This is the same teaching that allows us to express “hope” that unbaptized babies can attain salvation.

Ask the person to read it again slowly. Notice it *doesn’t say *the Muslims are saved by their monotheism nor are the Jews. All it says is they fit into God’s plan for all mankind in some way. I does say where there may be found some *common ground *to begin discussion with them or to try and understand them.

You could point to the paragraph 843 if your friend is looking at the same book and tell them that there is a foreshadow of the Gospel in their chosen religion in the “goodness” found there in.

Jesus Christ is the Way, the Truth and the Life. NO ONE comes to the Father except through Him. Helping Muslims and persons of other religions find Him has been the Church’s business for thousands of years. We have a great deal of knowledge about the workings of other religions and sometimes this knowledge is even greater than those practicing those religions on a day to day basis.

When trying to discuss their beliefs with them in charity it helps to know something about what they are supposed to believe. If the person you’re in dialog with doesn’t know where Abraham fits into their religion perhaps they should go find out and get back to you. Don’t worry if you get it right, or get the Muslim to convert. God’s got it worked out in His plan of salvation for you.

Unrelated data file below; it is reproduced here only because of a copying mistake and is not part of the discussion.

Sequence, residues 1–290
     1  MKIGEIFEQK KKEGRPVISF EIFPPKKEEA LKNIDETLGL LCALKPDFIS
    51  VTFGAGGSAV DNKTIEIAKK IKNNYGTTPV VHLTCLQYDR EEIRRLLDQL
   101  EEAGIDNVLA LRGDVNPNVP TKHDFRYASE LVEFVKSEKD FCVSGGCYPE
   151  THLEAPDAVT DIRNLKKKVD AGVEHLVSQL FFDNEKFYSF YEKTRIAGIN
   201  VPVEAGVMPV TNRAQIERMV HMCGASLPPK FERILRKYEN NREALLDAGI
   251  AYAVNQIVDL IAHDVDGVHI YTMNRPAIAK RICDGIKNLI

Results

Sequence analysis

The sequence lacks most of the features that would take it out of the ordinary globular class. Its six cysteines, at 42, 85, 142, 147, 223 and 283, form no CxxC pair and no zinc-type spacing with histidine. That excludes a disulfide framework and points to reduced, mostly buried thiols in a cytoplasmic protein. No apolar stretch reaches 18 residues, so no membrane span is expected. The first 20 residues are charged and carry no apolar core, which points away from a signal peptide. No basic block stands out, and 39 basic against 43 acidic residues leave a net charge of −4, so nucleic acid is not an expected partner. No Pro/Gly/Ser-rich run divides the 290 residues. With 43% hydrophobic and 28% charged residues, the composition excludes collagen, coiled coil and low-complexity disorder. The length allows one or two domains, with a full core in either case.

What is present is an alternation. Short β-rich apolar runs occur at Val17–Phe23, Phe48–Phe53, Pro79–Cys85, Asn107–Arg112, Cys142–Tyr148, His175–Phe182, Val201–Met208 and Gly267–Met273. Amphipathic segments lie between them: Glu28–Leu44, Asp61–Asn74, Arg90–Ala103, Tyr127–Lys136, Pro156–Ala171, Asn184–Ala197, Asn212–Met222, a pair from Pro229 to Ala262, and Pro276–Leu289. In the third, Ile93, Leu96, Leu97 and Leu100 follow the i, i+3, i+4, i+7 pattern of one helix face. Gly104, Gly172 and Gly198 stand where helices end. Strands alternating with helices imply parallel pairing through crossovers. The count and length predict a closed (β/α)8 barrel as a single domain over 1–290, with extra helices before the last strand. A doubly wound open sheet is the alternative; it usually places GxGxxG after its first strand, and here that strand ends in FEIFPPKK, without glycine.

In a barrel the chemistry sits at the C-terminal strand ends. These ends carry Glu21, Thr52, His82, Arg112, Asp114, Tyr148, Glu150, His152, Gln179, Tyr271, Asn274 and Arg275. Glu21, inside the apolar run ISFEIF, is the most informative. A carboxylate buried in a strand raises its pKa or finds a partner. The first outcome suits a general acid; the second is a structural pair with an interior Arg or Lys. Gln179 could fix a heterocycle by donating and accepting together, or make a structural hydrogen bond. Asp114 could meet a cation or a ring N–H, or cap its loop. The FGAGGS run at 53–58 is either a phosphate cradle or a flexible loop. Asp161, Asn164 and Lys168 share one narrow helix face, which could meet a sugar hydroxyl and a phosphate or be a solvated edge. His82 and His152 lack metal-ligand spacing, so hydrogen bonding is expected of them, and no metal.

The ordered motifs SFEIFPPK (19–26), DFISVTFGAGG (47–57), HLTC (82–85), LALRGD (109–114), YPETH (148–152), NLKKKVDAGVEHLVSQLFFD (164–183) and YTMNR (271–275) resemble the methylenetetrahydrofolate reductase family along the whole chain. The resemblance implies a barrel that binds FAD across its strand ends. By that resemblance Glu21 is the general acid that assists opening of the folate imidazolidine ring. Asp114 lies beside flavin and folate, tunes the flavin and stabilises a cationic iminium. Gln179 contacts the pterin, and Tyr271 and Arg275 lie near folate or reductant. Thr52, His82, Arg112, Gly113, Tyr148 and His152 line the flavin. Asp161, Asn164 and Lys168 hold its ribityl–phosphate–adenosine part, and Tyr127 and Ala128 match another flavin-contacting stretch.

Glenda

God created the world and its people; not everyone hears the TRUTH but many know it in their hearts. That particular catechism paragraph says to me that we should adhere to our love of God and to His people, although separated by faith. It does not say that Islam is the way to salvation (read the whole catechism, please) but it refers to “muslims”, people of a faith that is close to ours, being included in God’s plan.

The fullness of salvation can be most found in the following of Christ but we cannot claim to know God’s full plan. I’ve known that since hearing the story of the Good Samaritan. The Samaritan was a person of a different faith whom Jesus defined as more worthy of the Kingdom of Heaven than the priest and wealthy men who passed by the injured man. Did that story undo everything else Jesus spoke of for our salvation?

The key words here are “also”, not “instead of” and the words “The Church’s relationship with Muslims.” The words are very important to read in context.

Thank you for the replies.

One can get so lost in assumptions that one finds it hard to see the truth in the statement.